- What is the Sample Variance?
- Calculating Sample Variance
- Sample variance in Excel
What is the Sample Variance?
The sample variance, s2, is used to calculate how varied a sample is. A sample is a select number of items taken from a population. For example, if you are measuring American people’s weights, it wouldn’t be feasible (from either a time or a monetary standpoint) for you to measure the weights of every person in the population. The solution is to take a sample of the population, say 1000 people, and use that sample size to estimate the actual weights of the whole population. The variance helps you to figure out how spread out your weights are.
Watch the video for an example of how to find the sample variance:
Definition of Sample Variance
The variance is mathematically defined as the average of the squared differences from the mean. But what does that actually mean in English? In order to understand what you are calculating with the variance, break it down into steps:
- Step 1: Calculate the mean (the average weight).
- Step 2: Subtract the mean and square the result.
- Step 3: Work out the average of those differences.
- Use the sample variance and standard deviation calculator
- Or see: how to calculate the sample variance (by hand).
What is the sample variance used for?
While the variance is useful in a mathematical sense, it won’t actually give you any information that you can use. For example, if you take a sample population of weights, you might end up with a variance of 9801. That might leave you scratching your head about why you’re calculating it in the first place! The answer is, you can use the variance to figure out the standard deviation—a much better measure of how spread out your weights are. In order to get the standard deviation, take the square root of the sample variance:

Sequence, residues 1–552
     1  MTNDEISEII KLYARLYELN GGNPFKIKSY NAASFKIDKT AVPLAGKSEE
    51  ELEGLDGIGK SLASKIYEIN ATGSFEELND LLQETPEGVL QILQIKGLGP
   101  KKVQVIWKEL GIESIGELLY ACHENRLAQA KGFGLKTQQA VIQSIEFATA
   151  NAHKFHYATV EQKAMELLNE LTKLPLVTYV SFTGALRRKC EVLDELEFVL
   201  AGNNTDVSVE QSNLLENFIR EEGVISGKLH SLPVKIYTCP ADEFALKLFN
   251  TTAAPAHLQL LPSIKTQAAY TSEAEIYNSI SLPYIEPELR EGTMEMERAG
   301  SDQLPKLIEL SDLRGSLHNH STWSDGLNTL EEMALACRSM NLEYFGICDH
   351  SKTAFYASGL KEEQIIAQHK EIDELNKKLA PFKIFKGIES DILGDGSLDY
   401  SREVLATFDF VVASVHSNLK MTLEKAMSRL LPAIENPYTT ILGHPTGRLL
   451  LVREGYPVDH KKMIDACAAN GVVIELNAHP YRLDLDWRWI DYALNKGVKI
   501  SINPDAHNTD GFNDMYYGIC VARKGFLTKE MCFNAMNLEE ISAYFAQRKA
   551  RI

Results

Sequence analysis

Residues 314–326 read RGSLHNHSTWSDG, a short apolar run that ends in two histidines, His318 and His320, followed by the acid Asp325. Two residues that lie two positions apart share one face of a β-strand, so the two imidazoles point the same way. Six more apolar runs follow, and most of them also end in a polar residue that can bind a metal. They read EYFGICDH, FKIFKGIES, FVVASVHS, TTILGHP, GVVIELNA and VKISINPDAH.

√9801 = 99.
The standard deviation, in combination with the mean, will tell you what the majority of people weigh. For example, if your mean is 150 pounds and your standard deviation is 99 pounds, the majority of people weigh between 51 pounds (mean-99) and 249 pounds (mean+99).
Sample Variance Formula
If you’re finding the sample variance by hand, the “usual” formula you’re given in textbooks is:
However, if you’re working the formula by hand, it can be a bit cumbersome, especially because of the summation notation (&Sigma). An alternative version is the computational formula, which can be a little easier to work:
Why are Squares Used in the Sample Variance Formula?